Turning the clock back, I well remember those crudely cardboard-made red-and-green 3D glasses that came into being in the pioneering years of three-dimensional viewing in the late 1950s. Come the 1970s and you’ll find Andy Warhol and Paul Morrissey had a go reviving the format for their movie, Flesh for Frankenstein. And now Bayreuth finds itself centre stage immersed in a simulated three-dimensional environment in what is one of the most ambitious attempts to incorporate AR into opera performance.  

A free thinker and a futuristic thinker, too, Scheib came up with an amazing production of Parsifal that could be either enjoyed engaging in AR technology or simply sticking to a traditional staging. Just as well, really, as not every member of the Festspielhaus audience was equipped with 3D glasses owing to the high cost of providing them over the course of just seven performances. Therefore, with a seating capacity of 1,925, there was disappointment in many quarters because only 330 audience members or so were blessed in seeing the show as truly conceived by Scheib and his running mate, video/AR designer, Joshua Higgason.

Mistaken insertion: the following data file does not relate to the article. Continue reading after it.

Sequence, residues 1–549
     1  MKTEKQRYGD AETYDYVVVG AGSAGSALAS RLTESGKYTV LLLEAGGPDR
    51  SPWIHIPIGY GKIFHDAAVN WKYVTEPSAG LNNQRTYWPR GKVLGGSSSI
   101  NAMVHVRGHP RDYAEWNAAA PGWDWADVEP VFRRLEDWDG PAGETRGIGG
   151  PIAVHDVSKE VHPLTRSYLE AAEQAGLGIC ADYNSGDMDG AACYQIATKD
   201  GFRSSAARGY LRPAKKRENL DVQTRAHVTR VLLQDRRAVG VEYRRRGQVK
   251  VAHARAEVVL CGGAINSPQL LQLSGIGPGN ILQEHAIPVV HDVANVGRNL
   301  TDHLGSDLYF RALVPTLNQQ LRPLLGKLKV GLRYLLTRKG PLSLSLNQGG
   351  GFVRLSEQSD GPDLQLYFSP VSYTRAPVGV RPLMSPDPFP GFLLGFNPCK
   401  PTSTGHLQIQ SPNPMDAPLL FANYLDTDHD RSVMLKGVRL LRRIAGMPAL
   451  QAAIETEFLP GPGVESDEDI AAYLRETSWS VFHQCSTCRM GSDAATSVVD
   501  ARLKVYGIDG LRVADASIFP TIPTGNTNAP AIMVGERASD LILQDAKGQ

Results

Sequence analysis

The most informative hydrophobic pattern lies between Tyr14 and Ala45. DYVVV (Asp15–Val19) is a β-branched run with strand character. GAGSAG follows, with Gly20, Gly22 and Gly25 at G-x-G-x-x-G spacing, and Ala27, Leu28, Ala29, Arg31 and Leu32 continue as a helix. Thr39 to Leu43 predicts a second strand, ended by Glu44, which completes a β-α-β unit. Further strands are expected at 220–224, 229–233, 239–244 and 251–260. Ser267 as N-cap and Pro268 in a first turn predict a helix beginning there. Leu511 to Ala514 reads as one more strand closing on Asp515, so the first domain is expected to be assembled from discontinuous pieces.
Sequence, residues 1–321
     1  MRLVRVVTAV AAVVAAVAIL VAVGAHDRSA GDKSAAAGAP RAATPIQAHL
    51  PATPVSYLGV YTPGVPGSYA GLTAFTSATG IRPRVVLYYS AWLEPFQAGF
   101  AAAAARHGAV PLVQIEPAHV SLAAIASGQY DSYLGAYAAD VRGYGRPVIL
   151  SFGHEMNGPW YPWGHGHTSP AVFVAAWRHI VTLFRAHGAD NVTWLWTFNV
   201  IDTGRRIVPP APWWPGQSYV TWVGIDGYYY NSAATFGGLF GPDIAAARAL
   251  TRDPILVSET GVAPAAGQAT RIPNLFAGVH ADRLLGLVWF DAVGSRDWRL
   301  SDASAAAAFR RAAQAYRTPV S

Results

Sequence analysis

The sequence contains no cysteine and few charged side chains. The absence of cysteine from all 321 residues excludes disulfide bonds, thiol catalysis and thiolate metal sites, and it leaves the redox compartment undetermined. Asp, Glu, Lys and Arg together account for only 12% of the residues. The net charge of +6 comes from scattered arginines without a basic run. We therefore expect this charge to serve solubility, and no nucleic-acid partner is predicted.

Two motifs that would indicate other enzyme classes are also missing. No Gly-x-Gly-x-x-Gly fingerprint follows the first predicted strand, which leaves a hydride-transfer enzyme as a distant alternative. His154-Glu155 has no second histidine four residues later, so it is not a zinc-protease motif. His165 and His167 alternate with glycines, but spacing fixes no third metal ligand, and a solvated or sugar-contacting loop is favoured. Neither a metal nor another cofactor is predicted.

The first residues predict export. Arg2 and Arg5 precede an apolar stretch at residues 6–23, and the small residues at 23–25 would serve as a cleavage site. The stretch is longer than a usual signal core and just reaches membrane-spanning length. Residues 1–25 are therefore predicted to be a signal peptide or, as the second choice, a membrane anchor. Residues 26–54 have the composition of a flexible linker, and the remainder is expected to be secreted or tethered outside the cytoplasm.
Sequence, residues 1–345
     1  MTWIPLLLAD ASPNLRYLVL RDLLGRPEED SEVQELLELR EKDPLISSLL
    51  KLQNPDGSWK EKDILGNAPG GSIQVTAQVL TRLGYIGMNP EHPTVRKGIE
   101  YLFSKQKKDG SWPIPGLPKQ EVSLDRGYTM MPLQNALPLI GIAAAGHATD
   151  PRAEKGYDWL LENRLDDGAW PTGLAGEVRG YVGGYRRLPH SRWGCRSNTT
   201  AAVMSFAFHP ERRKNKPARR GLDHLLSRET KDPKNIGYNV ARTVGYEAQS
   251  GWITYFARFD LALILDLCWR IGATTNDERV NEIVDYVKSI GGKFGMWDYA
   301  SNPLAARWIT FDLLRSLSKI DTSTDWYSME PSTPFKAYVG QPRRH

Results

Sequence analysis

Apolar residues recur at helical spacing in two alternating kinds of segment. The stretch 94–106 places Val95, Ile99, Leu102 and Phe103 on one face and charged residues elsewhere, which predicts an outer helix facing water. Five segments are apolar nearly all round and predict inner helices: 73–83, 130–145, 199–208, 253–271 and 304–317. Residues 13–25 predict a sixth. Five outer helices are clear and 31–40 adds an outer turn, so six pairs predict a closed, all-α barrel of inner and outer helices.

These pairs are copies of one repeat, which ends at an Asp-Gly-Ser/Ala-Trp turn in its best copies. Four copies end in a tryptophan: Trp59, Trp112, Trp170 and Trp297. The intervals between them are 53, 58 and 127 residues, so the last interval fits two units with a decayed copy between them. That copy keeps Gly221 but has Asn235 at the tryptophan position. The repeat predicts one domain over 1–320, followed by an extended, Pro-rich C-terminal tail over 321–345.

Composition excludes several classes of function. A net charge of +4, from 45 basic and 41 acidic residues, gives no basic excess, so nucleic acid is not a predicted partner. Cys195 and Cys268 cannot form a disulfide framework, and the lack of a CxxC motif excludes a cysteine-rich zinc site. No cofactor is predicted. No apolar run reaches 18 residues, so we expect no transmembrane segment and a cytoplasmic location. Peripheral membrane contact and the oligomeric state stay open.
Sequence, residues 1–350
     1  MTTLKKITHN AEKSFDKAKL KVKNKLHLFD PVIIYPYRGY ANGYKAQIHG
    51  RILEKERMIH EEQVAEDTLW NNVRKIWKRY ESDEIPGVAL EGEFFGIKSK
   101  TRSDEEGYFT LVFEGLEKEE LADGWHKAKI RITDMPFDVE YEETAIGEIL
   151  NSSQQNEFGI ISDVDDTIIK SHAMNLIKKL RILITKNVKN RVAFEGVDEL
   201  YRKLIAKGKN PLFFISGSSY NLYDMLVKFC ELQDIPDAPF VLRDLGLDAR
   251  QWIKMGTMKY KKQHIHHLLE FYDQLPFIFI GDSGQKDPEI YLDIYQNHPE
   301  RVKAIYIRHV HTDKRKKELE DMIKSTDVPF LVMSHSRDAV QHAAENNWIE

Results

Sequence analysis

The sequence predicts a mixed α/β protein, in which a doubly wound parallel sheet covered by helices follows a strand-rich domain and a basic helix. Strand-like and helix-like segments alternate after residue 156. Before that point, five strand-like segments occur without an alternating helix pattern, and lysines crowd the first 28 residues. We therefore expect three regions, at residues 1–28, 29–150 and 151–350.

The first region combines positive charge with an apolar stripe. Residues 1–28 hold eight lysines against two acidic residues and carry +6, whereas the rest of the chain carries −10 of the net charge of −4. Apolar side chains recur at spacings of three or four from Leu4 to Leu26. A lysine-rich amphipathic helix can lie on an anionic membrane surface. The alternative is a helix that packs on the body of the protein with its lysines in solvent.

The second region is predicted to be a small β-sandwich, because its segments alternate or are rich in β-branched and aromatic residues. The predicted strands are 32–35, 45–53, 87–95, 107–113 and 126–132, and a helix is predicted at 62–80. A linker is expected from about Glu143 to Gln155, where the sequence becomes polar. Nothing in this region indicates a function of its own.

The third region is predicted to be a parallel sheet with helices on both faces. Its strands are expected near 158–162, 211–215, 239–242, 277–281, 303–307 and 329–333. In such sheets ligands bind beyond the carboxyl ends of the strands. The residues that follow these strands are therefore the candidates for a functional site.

And with Joseph Calleja bowing out of the title-role because of a persistent throat infection, it caused further disappointment. He was replaced by Andreas Schager who, in fact, made his Bayreuth début in the same role in Uwe Eric Laufenberg’s magnificent staging of Parsifal in 2016. Originally, Schager had been scheduled to sing Erik in Holländer, the role passing on to Croatian tenor, Tomislav Mužek.